Toronto's Jesse Futerman is up next for Stockholm imprint Omena and follows up great releases by De Fantastike To and Ishi Vu. "You Are Never Alone" is a lovely and blissed out disco/soul jam edit that's covered in just the right amount of dust and sitting in a nice smoky haze too. It's a summery yet bittersweet deep house jam on "Blinding Lights" though, and it is wonderfully evocative. Finally, "You Are Never Alone" gets a seriously lo-slung makeover courtesy of Guraimu which is just as good as the original and will appeal to fans of the Max Graef and Glenn Astro sound out of Berlin.
One of the Stanton Warriors' most iconic and romantic tunes to date: 12 years old and "Still Here" remains one of bass music's finest torch songs. Right now, though, that torch is been amplified into an entire volcano of freshness courtesy of an array of talent artists: Fred V & Grafix add some seriously euphoric D&B theatre, Vanilla Ace updates the original's lingering keys and rolling groove with a thumping house arrangement, Rektchordz get lively on a naughty tech house tip while Mafia Kiss subverts the groove on a deeper twist with various subtle references to the original along the way. Finally the Stantons themselves lay down the previously dubplate-only Shambhala festival version. Can you feel it?
The Dikso crew is rather enthusiastic about its latest signing, Italian Carmine Giuliano. In the sales notes accompanying this debut EP, they describe the Campania-based deep house producer as a "seriously talented guy". That praise is more than justified, with "Future" offering a near perfect balance of life-affirming chord progressions, filtered vocal samples and bustling, club-ready beats. "Never Again" sees the Italian producer tweak the same basic blueprint with similarly impressive results, as fluid piano lines, dreamy chords and cut-up vocal samples envelop a slightly jazzier deep house groove. Dikso label boss Daniel Solar provides the obligatory remix, delivering a wonderfully synth-heavy interpretation of "Future" that bristles with Balearic disco intent.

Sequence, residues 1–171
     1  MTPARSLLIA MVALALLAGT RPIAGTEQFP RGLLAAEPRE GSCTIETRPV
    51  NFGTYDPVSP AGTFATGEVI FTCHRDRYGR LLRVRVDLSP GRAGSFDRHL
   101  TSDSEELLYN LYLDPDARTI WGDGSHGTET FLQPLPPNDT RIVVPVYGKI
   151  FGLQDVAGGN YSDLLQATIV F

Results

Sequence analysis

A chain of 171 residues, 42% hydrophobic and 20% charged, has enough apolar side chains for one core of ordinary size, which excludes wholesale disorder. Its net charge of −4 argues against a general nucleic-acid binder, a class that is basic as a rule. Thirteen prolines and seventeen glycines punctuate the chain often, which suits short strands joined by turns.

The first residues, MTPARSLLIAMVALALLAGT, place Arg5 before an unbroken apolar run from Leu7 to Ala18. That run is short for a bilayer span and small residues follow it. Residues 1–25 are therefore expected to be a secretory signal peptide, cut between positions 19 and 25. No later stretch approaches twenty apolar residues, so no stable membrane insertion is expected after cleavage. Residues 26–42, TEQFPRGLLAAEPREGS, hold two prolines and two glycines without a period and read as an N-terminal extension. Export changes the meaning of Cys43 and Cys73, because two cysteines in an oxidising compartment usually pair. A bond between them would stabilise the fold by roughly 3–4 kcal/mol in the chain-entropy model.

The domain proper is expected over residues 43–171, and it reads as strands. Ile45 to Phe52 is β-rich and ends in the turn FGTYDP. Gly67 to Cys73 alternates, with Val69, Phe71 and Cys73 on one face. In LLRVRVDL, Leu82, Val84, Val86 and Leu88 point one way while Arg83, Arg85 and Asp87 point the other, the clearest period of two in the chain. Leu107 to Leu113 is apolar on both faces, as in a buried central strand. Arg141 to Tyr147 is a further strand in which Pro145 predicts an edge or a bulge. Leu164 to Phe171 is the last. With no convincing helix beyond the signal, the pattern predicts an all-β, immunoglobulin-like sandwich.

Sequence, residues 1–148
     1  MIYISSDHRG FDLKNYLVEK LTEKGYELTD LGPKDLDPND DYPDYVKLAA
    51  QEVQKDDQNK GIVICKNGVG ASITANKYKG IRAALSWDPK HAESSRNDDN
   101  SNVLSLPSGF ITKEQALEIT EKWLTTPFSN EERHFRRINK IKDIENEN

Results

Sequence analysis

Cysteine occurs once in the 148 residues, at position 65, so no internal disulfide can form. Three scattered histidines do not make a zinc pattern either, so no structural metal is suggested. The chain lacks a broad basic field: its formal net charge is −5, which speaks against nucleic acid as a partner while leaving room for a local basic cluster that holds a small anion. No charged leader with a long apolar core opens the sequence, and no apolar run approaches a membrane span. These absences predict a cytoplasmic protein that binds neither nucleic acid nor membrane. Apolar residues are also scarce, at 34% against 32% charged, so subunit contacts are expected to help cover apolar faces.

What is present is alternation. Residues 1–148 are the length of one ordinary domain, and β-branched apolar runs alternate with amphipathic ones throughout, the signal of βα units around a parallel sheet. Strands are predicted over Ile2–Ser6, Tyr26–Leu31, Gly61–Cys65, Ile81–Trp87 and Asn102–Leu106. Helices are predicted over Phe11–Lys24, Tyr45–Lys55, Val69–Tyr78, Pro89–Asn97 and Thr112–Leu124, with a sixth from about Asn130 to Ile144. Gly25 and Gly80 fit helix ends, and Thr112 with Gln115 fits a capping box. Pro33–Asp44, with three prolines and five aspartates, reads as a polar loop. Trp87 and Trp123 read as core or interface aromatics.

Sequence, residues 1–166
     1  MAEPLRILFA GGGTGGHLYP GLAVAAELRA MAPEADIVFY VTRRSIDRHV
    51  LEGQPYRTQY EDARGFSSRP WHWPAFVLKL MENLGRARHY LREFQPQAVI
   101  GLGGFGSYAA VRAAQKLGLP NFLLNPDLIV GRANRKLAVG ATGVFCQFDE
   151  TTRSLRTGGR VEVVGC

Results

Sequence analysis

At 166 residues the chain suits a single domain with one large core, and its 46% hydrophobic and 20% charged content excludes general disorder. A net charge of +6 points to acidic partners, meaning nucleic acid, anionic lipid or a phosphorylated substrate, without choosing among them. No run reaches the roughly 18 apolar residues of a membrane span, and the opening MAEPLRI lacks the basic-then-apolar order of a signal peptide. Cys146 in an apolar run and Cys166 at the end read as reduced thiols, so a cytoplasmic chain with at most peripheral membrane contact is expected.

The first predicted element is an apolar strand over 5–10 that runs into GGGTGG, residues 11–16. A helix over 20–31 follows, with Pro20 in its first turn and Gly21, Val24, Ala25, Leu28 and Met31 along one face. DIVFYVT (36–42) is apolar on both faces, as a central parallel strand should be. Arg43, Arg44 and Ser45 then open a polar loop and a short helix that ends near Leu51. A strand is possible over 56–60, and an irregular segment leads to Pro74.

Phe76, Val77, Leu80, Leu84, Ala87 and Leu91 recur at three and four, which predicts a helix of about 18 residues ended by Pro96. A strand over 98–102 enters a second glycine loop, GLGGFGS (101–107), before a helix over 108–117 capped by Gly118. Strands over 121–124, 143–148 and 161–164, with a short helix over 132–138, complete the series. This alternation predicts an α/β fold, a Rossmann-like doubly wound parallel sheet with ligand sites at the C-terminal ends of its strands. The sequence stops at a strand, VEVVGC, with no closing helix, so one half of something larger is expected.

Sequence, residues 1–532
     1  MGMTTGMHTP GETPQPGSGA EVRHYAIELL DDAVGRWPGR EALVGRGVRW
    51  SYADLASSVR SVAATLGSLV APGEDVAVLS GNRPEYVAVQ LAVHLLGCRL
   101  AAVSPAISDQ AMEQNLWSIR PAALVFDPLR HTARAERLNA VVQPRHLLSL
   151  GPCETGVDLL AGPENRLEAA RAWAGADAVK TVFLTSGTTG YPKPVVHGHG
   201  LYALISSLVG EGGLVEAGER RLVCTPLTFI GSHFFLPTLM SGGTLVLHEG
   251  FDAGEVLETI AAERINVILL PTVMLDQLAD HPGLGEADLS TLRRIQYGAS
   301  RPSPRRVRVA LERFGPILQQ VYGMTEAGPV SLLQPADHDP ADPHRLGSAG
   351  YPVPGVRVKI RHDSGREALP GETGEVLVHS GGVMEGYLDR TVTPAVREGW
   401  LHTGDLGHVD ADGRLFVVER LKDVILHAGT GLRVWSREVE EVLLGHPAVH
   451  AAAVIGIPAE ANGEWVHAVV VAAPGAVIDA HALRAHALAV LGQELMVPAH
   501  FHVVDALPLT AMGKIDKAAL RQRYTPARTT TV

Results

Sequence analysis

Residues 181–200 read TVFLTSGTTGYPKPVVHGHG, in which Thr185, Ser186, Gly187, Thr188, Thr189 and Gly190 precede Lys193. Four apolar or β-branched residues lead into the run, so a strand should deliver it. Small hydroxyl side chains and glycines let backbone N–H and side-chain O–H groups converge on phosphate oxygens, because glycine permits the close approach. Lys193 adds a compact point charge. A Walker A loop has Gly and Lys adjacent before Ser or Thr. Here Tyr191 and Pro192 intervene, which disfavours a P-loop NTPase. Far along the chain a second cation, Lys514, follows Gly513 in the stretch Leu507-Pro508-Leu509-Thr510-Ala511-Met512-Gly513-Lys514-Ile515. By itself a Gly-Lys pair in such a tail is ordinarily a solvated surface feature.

Chord Memory Band is a fresh collaboration between two stalwarts of the Aussie scene: Beats of No Nation co-founder Dom Bird (previously part of disco fusionists Mitzi), and Vulture Street Tape Gang member Michael Medlycott. Third Eye is their debut EP, and comes stacked to the rafters with Balearic-minded melodies, glistening synthesizer motifs, and the steady pulse of analogue deep house. Choose between the gentle, rush-inducing boogie-house positivity of "Third Eye", the toaster-warm shuffle of "Marco", the spacey synths and super-smooth grooves of "Donostia", and the impeccable jazz-funk/deep house fusion of "Akashic Record". All four tracks are immaculately produced, with plenty of subtle musical touches and life-affirming flourishes.
Newcastle in New South Wales is perhaps not the Australian paradise most would assume. In actuality, it's a mining town north of Sydney that's far from the most picturesque of places. This general grimness may explain why Mall Grab, the town's most famous musical export, is so fond of deep house daydreaming. He's at it again on this latest Hot Haus excursion, inviting us round for a Pool Party. Title track "Pool Party Music" is clearly where it's at, with the Aussie adventurer clustering manipulated synthesizer horn stabs around a pounding, no-holds-barred rhythm track. Elsewhere, he combines chopped and screwed hip-hop vocal samples, sweet loops and bumping beats on "BFODAAS", before placing a bustling rhythm track with twinkling melodies on closer "Catching Feelings".